Frequently asked questions

Find answers to the most commonly asked questions about E45

1. Common skin allergies – what are they?

If a skin condition is caused by an allergy, the area affected will be linked to that allergy, for example someone who is allergic to a certain type of food will have a reaction when eating it or a very fast reaction around the mouth and throat.

Food allergy can be linked to around 7% of patients with eczema. It mostly affects infants and young children under the age of three years old. A cow’s milk allergy is amongst the most common foods that cause type 1 reactions  you can find more information about this on the PCDS website. 1

Allergic contact dermatitis is a skin condition triggered by an allergy. It can be caused by an allergic reaction to a material in contact with the skin. First contact doesn’t always lead to an allergy, sometimes a patient can touch the same thing for many months or years without having a reaction. 2

References

  1. Primary Care Dermatology Society (PCDS). (2016). Food allergy (including cow's milk protein allergy). [accessed April 2017] via http://www.pcds.org.uk/clinical-guidance/food-allergy
  2. Primary Care Dermatology Society (PCDS). (2014). Eczema: contact allergic dermatitis (including latex and rubber allergy). [accessed April 2017] via http://www.pcds.org.uk/clinical-guidance/eczema-contact-allergic-dermatitis-including-latex-and-rubber-allergy

2. What is the safety record of topical steroids?

Though topical steroids do have some side effects (like thinning of the skin), when used properly they can be a very effective treatment for some dry and itchy skin conditions. They have been available since the 1950s with a relatively good record of safety and efficacy, and can be used by most adults and children. 3

References

  1. NHS Choices. (2016). Topical Corticosteroids. [accessed April 2017] via http://www.nhs.uk/conditions/corticosteroid-preparations-(topical)/Pages/Introduction.aspx

3. How often should emollient be applied?

Emollient should ideally be applied to the skin 34 times a day. For eczema sufferers, adults should use at least 500g of emollient every week, and children should use at least 250g a week. Eczema patients should follow the instruction provided in the product's information leaflet for frequency of application.

4. Are common dry or itchy skin conditions contagious?

Some common dry and itchy skin conditions, such as eczema or psoriasis aren’t contagious, so they won't be passed on by being in contact with other people.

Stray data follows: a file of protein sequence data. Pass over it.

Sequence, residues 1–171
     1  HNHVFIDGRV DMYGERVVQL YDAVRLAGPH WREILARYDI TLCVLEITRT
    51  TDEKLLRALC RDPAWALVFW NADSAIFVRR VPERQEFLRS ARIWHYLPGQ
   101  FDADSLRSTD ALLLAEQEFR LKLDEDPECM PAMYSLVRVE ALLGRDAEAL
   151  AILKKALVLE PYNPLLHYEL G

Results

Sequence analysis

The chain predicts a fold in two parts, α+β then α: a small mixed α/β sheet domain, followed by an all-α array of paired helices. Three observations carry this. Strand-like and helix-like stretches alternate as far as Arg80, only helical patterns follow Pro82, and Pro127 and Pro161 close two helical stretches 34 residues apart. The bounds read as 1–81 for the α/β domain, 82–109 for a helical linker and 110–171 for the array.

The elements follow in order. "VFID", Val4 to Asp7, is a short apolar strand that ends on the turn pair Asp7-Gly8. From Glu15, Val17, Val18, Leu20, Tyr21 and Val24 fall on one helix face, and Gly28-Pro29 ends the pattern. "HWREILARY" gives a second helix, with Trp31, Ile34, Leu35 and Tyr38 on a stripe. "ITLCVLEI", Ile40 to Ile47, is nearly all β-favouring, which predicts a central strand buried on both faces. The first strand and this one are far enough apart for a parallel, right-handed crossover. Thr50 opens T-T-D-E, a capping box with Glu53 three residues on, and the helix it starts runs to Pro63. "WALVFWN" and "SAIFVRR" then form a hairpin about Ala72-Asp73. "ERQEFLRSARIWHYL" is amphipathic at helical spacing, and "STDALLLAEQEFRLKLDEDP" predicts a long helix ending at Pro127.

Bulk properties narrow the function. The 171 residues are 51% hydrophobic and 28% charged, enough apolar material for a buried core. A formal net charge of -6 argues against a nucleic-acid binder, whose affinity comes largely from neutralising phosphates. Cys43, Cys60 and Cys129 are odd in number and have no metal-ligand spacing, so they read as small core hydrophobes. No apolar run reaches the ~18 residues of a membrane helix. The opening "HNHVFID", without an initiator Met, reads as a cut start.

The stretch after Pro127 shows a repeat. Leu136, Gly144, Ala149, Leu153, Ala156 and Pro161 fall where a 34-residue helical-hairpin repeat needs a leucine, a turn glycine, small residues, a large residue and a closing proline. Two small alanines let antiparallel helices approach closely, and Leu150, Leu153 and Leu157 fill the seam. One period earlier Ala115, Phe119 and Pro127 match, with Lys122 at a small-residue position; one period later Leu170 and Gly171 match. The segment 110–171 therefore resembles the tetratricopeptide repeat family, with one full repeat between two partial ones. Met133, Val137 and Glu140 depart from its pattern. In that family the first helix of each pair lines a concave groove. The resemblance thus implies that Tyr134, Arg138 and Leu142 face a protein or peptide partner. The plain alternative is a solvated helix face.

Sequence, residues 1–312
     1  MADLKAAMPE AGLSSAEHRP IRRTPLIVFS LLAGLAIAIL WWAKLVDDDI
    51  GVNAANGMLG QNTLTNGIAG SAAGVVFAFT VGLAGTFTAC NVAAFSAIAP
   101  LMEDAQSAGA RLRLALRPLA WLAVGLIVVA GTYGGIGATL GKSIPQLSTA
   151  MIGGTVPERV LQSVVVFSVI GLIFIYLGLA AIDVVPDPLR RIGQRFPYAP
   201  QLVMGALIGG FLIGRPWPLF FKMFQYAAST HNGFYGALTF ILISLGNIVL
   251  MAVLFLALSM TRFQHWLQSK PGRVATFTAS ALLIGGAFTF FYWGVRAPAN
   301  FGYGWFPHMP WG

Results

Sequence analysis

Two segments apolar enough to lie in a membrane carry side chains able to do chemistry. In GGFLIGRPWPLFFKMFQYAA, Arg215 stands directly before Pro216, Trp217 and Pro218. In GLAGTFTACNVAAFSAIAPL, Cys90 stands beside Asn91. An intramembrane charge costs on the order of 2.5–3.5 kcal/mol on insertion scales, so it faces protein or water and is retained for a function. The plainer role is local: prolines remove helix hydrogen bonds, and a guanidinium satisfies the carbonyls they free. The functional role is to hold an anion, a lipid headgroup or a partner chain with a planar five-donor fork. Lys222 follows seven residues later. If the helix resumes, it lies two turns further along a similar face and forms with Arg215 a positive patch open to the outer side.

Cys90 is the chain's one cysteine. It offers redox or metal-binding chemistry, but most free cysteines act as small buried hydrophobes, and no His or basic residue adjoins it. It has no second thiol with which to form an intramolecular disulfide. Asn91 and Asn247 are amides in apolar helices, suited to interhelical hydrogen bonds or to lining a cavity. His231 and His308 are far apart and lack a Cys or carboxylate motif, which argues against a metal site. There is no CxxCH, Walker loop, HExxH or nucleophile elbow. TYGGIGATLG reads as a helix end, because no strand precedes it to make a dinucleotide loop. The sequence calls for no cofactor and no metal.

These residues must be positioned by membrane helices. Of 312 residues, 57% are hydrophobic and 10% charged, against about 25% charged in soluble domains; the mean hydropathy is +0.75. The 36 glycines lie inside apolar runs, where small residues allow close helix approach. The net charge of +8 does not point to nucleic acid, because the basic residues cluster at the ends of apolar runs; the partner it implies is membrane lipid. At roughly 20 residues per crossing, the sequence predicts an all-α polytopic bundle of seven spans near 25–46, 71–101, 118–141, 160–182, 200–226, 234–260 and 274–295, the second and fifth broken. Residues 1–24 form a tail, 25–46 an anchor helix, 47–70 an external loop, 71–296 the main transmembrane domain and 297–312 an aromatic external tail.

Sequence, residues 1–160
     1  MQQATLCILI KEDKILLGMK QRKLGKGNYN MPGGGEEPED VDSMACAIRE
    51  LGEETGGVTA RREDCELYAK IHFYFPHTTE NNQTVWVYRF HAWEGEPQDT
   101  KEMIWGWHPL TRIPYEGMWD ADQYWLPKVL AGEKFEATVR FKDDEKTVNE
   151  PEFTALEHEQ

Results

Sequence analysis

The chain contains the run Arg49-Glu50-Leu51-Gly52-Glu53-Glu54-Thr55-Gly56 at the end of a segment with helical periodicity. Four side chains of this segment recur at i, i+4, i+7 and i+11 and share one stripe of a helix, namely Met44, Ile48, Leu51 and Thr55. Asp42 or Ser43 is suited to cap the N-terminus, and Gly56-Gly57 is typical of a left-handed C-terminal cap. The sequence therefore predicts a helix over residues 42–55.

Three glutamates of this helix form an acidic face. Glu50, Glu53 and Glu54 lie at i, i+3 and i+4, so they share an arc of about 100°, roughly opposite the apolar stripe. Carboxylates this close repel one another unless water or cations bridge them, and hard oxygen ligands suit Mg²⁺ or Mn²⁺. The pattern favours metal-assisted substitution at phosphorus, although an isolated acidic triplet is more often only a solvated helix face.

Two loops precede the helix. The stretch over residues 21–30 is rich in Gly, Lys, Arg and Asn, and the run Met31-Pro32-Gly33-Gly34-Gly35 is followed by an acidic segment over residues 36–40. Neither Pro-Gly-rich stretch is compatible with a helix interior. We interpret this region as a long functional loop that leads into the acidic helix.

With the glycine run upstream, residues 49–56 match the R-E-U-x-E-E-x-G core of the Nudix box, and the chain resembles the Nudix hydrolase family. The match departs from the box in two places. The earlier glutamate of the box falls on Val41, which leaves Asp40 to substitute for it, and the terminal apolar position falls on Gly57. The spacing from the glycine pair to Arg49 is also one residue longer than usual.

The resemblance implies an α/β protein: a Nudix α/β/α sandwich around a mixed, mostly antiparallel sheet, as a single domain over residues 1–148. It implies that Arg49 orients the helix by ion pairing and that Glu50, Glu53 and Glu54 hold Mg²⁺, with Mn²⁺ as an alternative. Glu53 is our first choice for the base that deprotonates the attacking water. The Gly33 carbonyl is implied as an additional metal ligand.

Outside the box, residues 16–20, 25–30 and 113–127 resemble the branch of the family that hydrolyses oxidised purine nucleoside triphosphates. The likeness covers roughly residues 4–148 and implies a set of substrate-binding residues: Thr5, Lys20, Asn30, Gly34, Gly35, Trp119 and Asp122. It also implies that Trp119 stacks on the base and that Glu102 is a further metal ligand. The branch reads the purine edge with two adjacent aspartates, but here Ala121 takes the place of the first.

5. Concerns about the use of paraffin in cream

Paraffin is a type of moisturiser found in some skincare products. It creates a protective layer on the skin that helps the skin retain moisture and stay hydrated.

Patients who’ve been prescribed large quantities of (>100g) of paraffin-based products should be advised to regularly change clothing, bedding or dressings impregnated with the product and keep away from naked flames, as there is a fire hazard.

6. My child’s school doesn’t really understand the problems caused by dry and itchy skin – how can I help the school get it?

 It can be hard to help schools understand the impact that dry and itchy skin can have on a child’s life. Talking to a child’s teacher right at the start of term and asking if the school can work with the parents to create a feasible management plan for a child can help to keep their routine consistent.

Advise parents to explain vital information to the school – the condition the child has, what triggers it and what the child needs to do to manage their skin during the day. There are also some practical things the school could do to help, like making sure the child has a desk out of direct sunlight or away from radiators and keeping an emollient pump dispenser at school.

The National Eczema Society has some helpful information on talking to schools about a child’s skin condition.

7. Can dry skin be hereditary?

Some skin conditions do tend to run in families, this can help explain why some people are more prone to them than others.

It’s very hard to predict if skin conditions will be passed onto children, because we can’t control which genes we pass onto our children. 4

References

  1. Cole G. (2016). MedicineNet. Dry Skin. [accessed April 2017] via http://www.medicinenet.com/dry_skin/page2.htm

8. Is Lanolin associated with skin allergy?

Lanolin is a wax derived from sheep’s wool which comprises of oils that have a similar chemical composition to those that are found in our skin. For this reason, Lanolin is used in lots of emollient products as it can help skin retain water by forming a barrier across the surface to reduce moisture loss. 5

Decades ago the wool used to derive Lanolin was not sufficiently purified and traces of impurities were left in the Lanolin, which caused some people to be sensitive to creams that included the ingredient. 6

However, in an epidemiological study carried out on 825,000 people, the frequency of Lanolin allergy was estimated to be as little as 0.0006% (5 to 6 per million), in other words very few people were shown to be sensitive to Lanolin itself. 6 Certain people can be allergic to Lanolin, which has been associated with an allergy to sheep’s wool, and so people who have a known wool allergy should not use Lanolin.

Some creams, including E45, contain an ingredient called Medilan™. This is a highly purified form of Lanolin with similar moisturising properties – but it’s also hypoallergenic, so it’s unlikely to cause sensitisation. 7

References

  1. The Open University. (2007). Lanolin, Wool and Hand Cream. [accessed April 2017] via http://www.open.edu/openlearn/science-maths-technology/science/chemistry/lanolin-wool-and-hand-cream
  2. Kligman AM. (1999). The myth of lanolin allergy: lanolin is not a contact sensitizer – The Lanolin Book. Paul Beiersdorf. Westbrook Lanolin Company and Beiersdorf AG
  3. Stone L. (2000). Br J Nurs. 9(1): 54-57